On top of that, we—that includes the Conservative party—have now accepted a new target for an 80 per cent. reduction in CO2 emissions by 2050, rather than 60 per cent. That will now include aviation and shipping. There is no way on earth that we will meet that target. I return again to the point that we must found our policy on reason and what is realistic and practicable, otherwise we will simply disillusion the public."
Mr Tyrie poured scorn on the notion that there exists a consensus on climate change:
"The basic science is not in dispute, but there are two questions in that science. First, what temperature increase will result from any given increase in carbon concentrations? The scientists are not unanimous, and dispute is widespread in the scientific community. A Hamburg institute study of opinions, prepared by Professor Storch, is decisive on that point. Furthermore, Professor Lindzen—arguably the father of modern climate science—of the Massachusetts Institute of Technology, was asked to be the lead author of the 2001 science part of the report by the intergovernmental panel on climate change and has argued vigorously against the so-called consensus.
The second controversial question is about impacts, to which my right hon. Friend alluded. Throughout the area of science dealing with impacts, hot disputes are raging. For example, is it true, as is widely asserted, that a given increase in temperature will lead to an increase in malaria? That view can be found in many documents purporting to make the case for urgent cuts in carbon emissions, but most of the world’s leading malaria experts refute it. The same can be found on glaciation and the alleged increase in tropical storms. The world’s leading expert on the latter resigned in disgust from the IPCC process, I think because he felt that his science was being tampered with."
Charles Hendry, Shadow Minister for Energy, disagreed with his Conservative colleagues, but not without paying tribute to Mr Lilley in a thoroughly classy manner:
"I congratulate my right hon. Friend the Member for Hitchin and Harpenden (Mr. Lilley) on securing the debate and for the constructive and thoughtful way in which he introduced it. It is typical of him to bring to the debate the expertise that he has gained from some of the highest levels of government, which explains the respect people have for him. I do not want him to get the impression that I am about to agree with his speech in its entirety, or even in its majority, but it is important to put on record his background and the expertise he brings to the debate.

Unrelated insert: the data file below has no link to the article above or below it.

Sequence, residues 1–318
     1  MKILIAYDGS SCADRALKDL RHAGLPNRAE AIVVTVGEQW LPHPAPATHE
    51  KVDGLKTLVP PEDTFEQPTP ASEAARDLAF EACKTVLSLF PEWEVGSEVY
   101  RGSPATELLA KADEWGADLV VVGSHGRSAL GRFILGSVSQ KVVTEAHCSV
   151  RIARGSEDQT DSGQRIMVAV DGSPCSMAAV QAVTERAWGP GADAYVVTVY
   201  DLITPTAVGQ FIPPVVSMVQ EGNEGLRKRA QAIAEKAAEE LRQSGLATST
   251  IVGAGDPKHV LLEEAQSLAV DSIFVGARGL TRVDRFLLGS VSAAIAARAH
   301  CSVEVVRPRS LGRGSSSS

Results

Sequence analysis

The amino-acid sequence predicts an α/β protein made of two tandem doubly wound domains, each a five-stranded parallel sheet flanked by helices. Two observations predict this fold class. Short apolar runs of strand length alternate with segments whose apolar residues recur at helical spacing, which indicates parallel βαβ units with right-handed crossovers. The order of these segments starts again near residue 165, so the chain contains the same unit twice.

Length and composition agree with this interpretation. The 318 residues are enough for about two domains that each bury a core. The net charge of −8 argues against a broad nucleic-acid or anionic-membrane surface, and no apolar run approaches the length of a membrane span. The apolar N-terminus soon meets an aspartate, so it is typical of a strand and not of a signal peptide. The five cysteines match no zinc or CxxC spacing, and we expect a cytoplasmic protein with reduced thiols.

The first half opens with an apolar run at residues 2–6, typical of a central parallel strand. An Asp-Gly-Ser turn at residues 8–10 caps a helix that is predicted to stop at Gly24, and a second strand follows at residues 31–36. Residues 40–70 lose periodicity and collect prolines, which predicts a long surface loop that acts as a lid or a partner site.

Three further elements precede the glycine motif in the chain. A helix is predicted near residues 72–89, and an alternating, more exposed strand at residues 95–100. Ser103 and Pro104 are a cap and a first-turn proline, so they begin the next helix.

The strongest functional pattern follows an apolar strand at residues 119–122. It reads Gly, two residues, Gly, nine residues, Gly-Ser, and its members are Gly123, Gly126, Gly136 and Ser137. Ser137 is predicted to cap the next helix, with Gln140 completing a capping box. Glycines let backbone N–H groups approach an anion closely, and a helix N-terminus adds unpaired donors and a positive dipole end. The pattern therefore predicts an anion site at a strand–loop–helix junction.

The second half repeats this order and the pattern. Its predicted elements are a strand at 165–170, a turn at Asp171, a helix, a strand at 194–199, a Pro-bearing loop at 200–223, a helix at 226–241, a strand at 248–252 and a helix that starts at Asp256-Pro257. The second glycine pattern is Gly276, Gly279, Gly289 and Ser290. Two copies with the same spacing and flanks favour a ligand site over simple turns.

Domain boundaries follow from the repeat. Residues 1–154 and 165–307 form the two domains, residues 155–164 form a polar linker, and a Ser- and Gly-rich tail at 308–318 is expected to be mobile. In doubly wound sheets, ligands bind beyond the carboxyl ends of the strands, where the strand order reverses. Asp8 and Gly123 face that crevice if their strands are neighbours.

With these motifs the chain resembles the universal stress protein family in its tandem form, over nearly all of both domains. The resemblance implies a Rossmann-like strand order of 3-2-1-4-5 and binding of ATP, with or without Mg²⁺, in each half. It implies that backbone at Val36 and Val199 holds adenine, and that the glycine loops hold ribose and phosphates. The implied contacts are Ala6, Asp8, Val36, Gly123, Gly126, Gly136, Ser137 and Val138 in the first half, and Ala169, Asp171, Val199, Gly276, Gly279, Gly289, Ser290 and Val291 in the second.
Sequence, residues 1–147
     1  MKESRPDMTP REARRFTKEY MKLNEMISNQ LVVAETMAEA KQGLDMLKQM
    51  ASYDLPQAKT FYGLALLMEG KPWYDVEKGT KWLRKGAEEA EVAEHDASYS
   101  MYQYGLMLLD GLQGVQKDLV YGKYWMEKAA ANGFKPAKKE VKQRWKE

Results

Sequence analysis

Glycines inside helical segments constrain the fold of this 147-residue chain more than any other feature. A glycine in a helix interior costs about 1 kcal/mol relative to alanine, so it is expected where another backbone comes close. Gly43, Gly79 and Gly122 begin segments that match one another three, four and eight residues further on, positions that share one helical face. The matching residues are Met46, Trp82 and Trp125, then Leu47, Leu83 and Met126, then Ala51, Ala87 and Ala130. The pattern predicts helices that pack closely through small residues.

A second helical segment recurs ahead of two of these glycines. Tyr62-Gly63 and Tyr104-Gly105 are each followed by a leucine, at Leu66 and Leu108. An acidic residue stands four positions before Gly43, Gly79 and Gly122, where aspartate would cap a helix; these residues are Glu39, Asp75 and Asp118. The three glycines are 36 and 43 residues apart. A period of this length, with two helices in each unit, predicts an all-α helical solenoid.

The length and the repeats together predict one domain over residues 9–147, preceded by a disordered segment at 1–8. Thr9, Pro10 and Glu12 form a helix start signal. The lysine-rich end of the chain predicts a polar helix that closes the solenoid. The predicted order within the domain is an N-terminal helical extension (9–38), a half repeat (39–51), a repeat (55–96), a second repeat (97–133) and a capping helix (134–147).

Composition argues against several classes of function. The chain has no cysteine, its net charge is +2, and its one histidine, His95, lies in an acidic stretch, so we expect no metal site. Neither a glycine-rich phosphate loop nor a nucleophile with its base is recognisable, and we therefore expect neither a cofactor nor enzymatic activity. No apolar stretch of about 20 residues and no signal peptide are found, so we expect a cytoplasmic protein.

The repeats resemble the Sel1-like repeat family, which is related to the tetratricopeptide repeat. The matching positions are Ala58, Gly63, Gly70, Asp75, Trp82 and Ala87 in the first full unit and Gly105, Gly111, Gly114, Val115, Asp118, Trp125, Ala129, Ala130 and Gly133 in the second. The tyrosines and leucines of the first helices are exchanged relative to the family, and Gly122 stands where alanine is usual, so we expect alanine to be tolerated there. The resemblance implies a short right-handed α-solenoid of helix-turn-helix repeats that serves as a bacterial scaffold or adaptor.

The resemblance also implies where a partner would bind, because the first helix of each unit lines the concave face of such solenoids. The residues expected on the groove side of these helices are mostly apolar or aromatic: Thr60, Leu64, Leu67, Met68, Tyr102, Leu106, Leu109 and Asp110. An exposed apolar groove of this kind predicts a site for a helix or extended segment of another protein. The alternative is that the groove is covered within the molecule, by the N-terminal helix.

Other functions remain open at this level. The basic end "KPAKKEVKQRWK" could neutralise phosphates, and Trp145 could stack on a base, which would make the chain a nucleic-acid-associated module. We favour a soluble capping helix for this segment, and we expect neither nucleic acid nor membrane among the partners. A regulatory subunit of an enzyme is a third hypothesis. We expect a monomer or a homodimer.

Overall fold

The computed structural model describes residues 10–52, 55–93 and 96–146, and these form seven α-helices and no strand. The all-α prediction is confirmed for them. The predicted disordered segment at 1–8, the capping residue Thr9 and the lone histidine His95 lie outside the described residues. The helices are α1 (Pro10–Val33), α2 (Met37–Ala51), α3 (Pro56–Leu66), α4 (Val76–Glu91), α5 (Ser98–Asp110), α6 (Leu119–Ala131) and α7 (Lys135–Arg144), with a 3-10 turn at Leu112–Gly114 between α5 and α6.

I am persuaded that we have seen a non-linear increase in global temperatures, and I understand that scientists agree that in the past 2,000 years, the world’s temperature has never been higher than it is today and that that increase cannot be explained by natural causes. I have seen good explanations for some of the contradictory evidence that has been put forward. My right hon. Friend the Member for Hitchin and Harpenden commented on snowfall, and snow is falling in Antarctica, rather than the ice that should be developing. Snow should not fall there, because the temperature should be so low that snowfall is impossible, so that is evidence that the temperature in Antarctica is rising.
We should be well aware of the contribution that man is making to that change. We contribute 26 billion tons of CO2 to the world’s atmosphere every year, half of which comes from energy generation. That figure is 100 times larger than the CO2 emission from volcanoes, which some people regard as an explanation for the rising levels of CO2 in the atmosphere. It cannot be good that we are producing so much CO2, and it should be our intention to try to reduce it."